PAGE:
The song “Asar Saunko” from the early 2000s, which was played on repeat on television and radio stations at the time, defines the music of the Seasons band. Their music, according to band members, is ever-changing and ever-evolving, as the genres they blend never stay the same. Formed in 1995 by a group of young boys in Hetauda, the band was one of the most popular in the noughties, with songs that catered to all age and social groups.
The band started with playing in social events in the small town of Hetaunda in the early 90s. But as they matured as a band, they decided to make a definite contribution to the Nepali music industry. Seasons released their debut album “Khyal Khyalaima” in 2000 and followed it quickly with “Seasons” in 2001. With both the albums seeing commercial success and the band touring all over the country with their music, they released “7*3=21” in 2004. By that time, Seasons had become one of the most popular bands in the country with hits like “Suneko Kura” and “Raato Maato”.
Now, after a hiatus of almost 16 years, Seasons plans a comeback with the original line-up of Sujil Karmacharya on lead guitars and vocals, Shailendra Pradhan on keys and vocals, Chandra Lama on drums and vocals, Sanjay Shrestha on bass, and Gyanendra Pradhan on guitars and vocals—all under the management of Stereo Records.
So what is Seasons bringing to the table after such a long break, a time during which the Nepali music industry evolved extensively? Besides, many young listeners know nothing of the band’s laurels. “Our music will now focus on the society and spirituality,” says Sujil, the 40-years-old frontman. “I think we need musicians who can promote spirituality. It’s much needed.”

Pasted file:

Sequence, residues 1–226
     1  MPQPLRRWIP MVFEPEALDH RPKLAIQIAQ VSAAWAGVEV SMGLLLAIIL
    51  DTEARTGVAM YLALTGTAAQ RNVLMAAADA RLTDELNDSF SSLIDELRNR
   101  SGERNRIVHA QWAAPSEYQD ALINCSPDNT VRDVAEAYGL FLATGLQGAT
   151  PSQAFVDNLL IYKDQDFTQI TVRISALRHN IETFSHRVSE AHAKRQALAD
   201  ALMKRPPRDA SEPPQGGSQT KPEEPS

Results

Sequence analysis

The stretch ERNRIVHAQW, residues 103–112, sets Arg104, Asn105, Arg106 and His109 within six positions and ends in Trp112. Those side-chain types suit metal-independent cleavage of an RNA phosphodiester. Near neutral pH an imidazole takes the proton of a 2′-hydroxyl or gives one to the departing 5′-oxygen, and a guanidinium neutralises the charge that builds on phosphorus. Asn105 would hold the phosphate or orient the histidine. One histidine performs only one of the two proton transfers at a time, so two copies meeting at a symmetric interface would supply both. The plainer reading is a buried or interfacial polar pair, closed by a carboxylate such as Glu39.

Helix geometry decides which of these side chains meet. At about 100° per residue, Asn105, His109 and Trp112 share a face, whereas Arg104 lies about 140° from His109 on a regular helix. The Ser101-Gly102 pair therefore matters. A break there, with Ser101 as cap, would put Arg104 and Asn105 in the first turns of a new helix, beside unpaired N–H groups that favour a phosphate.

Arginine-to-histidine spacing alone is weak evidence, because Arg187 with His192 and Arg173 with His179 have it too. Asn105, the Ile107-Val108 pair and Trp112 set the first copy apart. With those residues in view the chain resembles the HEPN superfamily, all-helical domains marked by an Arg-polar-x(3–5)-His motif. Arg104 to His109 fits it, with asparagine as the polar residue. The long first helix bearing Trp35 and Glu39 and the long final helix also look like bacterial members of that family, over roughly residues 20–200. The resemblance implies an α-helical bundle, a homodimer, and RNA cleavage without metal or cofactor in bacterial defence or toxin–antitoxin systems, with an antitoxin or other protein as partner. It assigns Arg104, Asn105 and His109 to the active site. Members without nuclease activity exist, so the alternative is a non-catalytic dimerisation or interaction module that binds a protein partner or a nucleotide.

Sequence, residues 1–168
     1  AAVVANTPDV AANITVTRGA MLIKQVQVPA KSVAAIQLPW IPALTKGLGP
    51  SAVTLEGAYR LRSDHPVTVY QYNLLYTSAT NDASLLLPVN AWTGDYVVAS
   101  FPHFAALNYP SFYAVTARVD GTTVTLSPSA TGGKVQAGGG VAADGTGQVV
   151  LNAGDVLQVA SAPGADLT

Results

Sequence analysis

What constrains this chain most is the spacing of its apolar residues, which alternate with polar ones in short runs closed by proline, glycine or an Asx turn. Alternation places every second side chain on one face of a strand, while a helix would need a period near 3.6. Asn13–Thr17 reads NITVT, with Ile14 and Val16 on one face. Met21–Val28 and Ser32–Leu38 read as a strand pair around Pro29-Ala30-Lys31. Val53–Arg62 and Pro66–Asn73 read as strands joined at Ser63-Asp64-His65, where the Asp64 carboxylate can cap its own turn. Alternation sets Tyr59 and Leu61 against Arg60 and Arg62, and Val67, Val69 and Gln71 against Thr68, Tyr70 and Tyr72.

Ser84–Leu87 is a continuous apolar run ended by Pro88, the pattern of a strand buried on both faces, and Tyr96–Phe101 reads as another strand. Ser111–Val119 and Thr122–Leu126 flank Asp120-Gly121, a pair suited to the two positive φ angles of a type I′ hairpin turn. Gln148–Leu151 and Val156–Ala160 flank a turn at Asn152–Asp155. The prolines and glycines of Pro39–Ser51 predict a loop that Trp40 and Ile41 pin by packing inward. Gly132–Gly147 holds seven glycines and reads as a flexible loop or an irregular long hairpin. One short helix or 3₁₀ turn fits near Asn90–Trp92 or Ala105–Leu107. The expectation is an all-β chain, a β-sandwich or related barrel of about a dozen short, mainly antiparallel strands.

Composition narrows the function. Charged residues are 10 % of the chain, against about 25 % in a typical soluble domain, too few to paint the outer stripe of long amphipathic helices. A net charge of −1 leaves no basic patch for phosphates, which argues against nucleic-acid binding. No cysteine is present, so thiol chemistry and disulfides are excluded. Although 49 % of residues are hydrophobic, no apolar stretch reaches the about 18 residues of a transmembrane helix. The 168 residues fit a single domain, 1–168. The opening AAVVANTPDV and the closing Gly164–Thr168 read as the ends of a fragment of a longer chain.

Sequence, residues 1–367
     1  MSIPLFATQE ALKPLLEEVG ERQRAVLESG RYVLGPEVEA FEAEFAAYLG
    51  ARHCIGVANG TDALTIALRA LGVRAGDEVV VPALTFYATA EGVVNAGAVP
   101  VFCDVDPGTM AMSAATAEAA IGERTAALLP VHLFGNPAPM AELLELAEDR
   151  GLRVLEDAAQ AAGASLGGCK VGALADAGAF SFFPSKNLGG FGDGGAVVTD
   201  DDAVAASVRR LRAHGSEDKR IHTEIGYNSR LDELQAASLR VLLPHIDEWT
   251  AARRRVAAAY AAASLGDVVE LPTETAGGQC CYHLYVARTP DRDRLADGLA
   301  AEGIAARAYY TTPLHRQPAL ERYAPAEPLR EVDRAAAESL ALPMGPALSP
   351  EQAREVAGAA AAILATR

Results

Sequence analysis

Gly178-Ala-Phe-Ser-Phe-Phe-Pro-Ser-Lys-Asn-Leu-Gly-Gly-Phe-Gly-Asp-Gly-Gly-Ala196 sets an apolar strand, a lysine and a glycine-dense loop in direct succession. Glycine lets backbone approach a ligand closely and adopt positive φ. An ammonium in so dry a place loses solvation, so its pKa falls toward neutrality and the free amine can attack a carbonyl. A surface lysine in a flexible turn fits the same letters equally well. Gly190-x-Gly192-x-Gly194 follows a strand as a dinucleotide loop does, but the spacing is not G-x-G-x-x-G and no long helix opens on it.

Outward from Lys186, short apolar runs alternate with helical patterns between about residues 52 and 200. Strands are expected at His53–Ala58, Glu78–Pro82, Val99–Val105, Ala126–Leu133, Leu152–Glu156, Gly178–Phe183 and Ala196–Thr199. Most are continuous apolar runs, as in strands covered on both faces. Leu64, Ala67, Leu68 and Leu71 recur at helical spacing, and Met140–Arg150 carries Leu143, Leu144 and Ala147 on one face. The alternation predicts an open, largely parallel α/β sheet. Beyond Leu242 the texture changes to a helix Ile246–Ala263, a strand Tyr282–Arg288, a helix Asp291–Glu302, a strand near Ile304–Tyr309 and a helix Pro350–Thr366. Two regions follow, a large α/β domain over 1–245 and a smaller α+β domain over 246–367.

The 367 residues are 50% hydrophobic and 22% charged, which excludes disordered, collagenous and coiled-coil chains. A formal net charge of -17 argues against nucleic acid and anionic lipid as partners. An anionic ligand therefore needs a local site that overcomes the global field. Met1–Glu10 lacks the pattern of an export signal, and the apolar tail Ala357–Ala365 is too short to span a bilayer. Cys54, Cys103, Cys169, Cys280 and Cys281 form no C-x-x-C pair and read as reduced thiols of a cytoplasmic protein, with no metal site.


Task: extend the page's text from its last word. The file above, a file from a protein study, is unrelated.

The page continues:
Sujit, a highly spiritual person himself, wants to use his experience in spiritualism to make music. “Spirituality has changed my way of life and even made me more productive,” says Sujil, who is now an ardent follower of ISCKON. Even while the band was in hibernation, Sujil had continued to do background scores for Nepali movies. In fact, Sujil is still one of the most sought after score composers in the industry. “I had a hectic life. There was so much work and it took me more than a month, working 18 hours a day, to complete a project. But now I spend much time with my kid and work just for 4 to 5 hours daily, and still complete similar projects in under a month. That’s how efficient spiritualism has made me.”
The big challenge, Sushil says, will be to get all band members to the same level of musicianship. When the band started back in the 90s there was no internet and only limited resources, the learning curve in music was high and despite their great zeal, they could only do so much. In 2020, the level of musicianship has increased several-fold. The bands that have tried to make a comeback after a long break have struggled. “Our band members are practicing more and taking music classes,” Sujil says. “But I still feel there’s a long way to go.”
That’s why the band has named their upcoming album “Seasons: The New beginning.” “It’s really a new beginning for the band and the music they want to produce,” says Ashish Parajuli, the managing director of Stereo Records. “The band members are not concerned about publicity and getting famous. But as I see much potential in their music I asked them to regroup and start making music again.”
Seasons have already released their songs “Bhanchan Narayana” and “Ko Nepali Ho” in the lead-up to their album launch, the date for which is yet to be finalized. The new songs are already creating a buzz and if things go well, the band will also start performing live in the near future.+-+-+-+-+-+-+-+-+-+-+-+-+-+-----